The University Record, June 11, 1997
Research may unlock ways to protect soldiers from biological warfare agents
From Medical Center Public Relations
Imagine a milky white, peppermint-flavored liquid that, when added to a pool of water teeming with cholera, within minutes makes the water safe to drink.
Imagine a cream that could be used like a sunscreen to protect a soldier from anthrax, botulinum, ricin and other toxins in the biological warfare arsenal.
It may sound like science fiction, but these products may soon be used in humans, says Medical Center researcher James R. Baker Jr., who recently received an $11 million grant to study pathogenic neutralizing agents that could be used by the military in defense of biological attack. "We hope to deliver a first-generation decontamination product within a year for direct testing in humans," says Baker, professor of internal medicine and chief of the Allergy Division.
Baker's four-year project is supported by the Defense Advanced Research Projects Agency (DARPA), an offshoot of the Pentagon that is best known for backing the development of the Internet. His is among 10 biodefense research projects to receive a total of $50 million in DARPA funding this year.
The decontaminating agents he's studying also may have widespread application among the civilian population. In addition to purifying decontaminated water in developing nations, another likely development is an ecologically friendly, odorless spray that could be used to "de-bug" airplanes and hospital rooms, thus preventing the importation of foreign viruses and hospital-acquired infections. Such a spray also could be used to purify some types of foods tainted with bacteria.
Baker's work involves two neutralizing agents---one made from a synthetic lipid, or fat, the other from a polymer. While the lipids and polymers can be used individually to disarm and prevent the absorption of deadly viruses, bacteria and toxins, Baker suspects they will be most effective when used together, as a sort of pathogenic one-two punch.
"Both of the technologies we're working with are brand new," Baker says, "and the two technologies are complementary."
Both materials have been tested in humans and found safe. The agents are very stable; they need no refrigeration and are environmentally and biologically harmless. They can be used topically, via creams and sprays, and possibly internally, via inhalers, nasal sprays and flavored "milkshakes."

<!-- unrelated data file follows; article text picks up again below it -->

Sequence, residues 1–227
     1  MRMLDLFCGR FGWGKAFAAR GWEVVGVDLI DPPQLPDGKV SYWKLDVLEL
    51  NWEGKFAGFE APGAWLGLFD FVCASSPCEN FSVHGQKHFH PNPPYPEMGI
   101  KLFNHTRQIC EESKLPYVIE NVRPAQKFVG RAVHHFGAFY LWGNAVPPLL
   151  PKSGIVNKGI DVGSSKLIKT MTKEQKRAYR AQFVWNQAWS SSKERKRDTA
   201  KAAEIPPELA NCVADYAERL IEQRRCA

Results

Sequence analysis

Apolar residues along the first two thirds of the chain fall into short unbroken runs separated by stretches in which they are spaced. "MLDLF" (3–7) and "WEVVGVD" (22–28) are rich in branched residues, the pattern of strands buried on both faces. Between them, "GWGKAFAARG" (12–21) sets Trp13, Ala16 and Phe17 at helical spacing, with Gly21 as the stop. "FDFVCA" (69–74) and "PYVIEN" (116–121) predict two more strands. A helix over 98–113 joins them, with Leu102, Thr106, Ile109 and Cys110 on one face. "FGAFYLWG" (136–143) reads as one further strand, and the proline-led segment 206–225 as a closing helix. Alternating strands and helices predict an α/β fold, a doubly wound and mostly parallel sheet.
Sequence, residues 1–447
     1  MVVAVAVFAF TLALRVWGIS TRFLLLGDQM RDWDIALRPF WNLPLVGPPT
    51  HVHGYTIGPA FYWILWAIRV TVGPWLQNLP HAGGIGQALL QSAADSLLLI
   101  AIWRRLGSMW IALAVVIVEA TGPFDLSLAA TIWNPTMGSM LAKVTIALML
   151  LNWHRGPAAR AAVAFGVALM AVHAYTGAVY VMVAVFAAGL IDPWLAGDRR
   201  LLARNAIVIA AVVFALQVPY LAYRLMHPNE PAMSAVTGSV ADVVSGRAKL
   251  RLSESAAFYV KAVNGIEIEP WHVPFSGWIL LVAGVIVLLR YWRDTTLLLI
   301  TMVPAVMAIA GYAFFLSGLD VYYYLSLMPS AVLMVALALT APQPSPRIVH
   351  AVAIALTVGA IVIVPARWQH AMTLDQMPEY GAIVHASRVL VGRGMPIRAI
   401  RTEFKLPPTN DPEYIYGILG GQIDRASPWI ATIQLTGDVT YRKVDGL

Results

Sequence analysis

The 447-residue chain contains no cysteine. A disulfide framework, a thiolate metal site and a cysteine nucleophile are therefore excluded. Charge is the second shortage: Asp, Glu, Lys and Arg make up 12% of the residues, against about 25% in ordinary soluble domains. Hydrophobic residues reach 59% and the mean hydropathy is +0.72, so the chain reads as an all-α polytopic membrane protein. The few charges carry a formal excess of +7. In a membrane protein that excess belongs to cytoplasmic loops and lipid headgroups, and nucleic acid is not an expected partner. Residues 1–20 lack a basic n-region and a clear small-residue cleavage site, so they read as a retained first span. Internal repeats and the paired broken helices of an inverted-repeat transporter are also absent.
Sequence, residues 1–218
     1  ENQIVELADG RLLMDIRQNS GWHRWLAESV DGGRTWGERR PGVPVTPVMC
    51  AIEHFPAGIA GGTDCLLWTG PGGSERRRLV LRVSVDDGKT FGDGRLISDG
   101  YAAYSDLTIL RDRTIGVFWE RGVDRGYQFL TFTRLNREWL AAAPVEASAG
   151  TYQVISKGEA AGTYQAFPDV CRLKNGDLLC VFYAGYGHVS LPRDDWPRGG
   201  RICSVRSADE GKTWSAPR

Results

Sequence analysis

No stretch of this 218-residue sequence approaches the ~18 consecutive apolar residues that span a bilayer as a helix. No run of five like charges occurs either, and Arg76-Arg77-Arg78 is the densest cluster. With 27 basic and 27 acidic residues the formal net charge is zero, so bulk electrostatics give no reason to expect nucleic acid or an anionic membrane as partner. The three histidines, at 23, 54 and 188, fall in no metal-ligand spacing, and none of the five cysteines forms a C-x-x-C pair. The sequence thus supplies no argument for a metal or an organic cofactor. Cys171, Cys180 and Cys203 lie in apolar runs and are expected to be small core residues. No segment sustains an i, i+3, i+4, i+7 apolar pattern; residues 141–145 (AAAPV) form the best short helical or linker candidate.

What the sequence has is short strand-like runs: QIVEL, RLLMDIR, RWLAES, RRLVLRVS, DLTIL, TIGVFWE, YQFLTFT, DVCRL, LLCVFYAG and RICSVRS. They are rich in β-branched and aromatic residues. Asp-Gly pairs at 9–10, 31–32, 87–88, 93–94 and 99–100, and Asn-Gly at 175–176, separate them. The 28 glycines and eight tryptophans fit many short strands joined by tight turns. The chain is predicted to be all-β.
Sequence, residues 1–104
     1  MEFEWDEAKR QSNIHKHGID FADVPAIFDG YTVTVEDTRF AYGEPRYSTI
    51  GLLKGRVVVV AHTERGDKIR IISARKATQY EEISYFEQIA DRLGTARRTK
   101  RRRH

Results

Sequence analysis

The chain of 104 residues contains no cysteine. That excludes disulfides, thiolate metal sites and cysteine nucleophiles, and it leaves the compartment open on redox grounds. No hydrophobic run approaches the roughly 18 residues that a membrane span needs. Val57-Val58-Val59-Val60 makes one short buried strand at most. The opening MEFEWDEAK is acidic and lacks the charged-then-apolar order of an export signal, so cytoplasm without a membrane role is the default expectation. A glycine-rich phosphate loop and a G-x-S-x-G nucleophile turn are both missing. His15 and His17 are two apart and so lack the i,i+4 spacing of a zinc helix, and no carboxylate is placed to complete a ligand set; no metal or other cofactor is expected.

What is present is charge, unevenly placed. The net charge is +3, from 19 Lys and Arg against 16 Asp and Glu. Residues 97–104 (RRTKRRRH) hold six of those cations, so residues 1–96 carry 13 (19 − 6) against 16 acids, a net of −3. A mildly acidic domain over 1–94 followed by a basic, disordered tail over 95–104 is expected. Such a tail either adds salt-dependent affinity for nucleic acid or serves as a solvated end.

The lipids work much like an ultra-powerful antibacterial detergent by disrupting the protective viral and bacterial cellular membranes and rendering them inactive. However, unlike the strongest detergents such as lye, these lipids are not caustic. The lipid Baker is using in his lab is manufactured by Novavax of Columbia, Md. The manufacturer is conducting clinical trials with a small group of ulcer patients to see whether a lipid-based agent, once ingested, will disable heliobacter pylori, the bacteria implicated in ulcer formation.
"This lipid is totally different from anything else that's ever been developed," Baker says. Initially it was designed for cosmetic use in products such as moisturizers.
The polymer Baker is using is called a dendrimer---a revolutionary new three-dimensional, man-made molecule that resembles a hollow ball. The surface of the sphere can be punctuated with "sticky" tentacle-like points that can attract toxins or viruses like a magnet, thus acting as a cellular decoy.
"The reason dendrimers work so well is they can be covered with more receptors than a human cell. The dendrimers will attract the toxin or virus so the cell is virtually bypassed," says Baker, who is a pioneer in adapting polymers for biologic use.
The potential use of dendrimer-based technology extends far beyond military applications. These molecular spheres are also handy for transporting DNA. "They have been shown in some applications to transfer genes into animal cells with a 90 percent success rate," Baker says. In addition to gene therapy, dendrimers also are being explored for use in such areas as drug delivery and cosmetic development. This synthetic material, developed by a former Dow Chemical scientist, is manufactured by Dendritech Inc. of Midland.
"These new agents represent engineering on the molecular level," Baker says. "In addition to biodefense, I strongly suspect we'll be using this technology to address the treatment of cancer, degenerative diseases and genetic disord ers, as well as a whole range of environmental issues."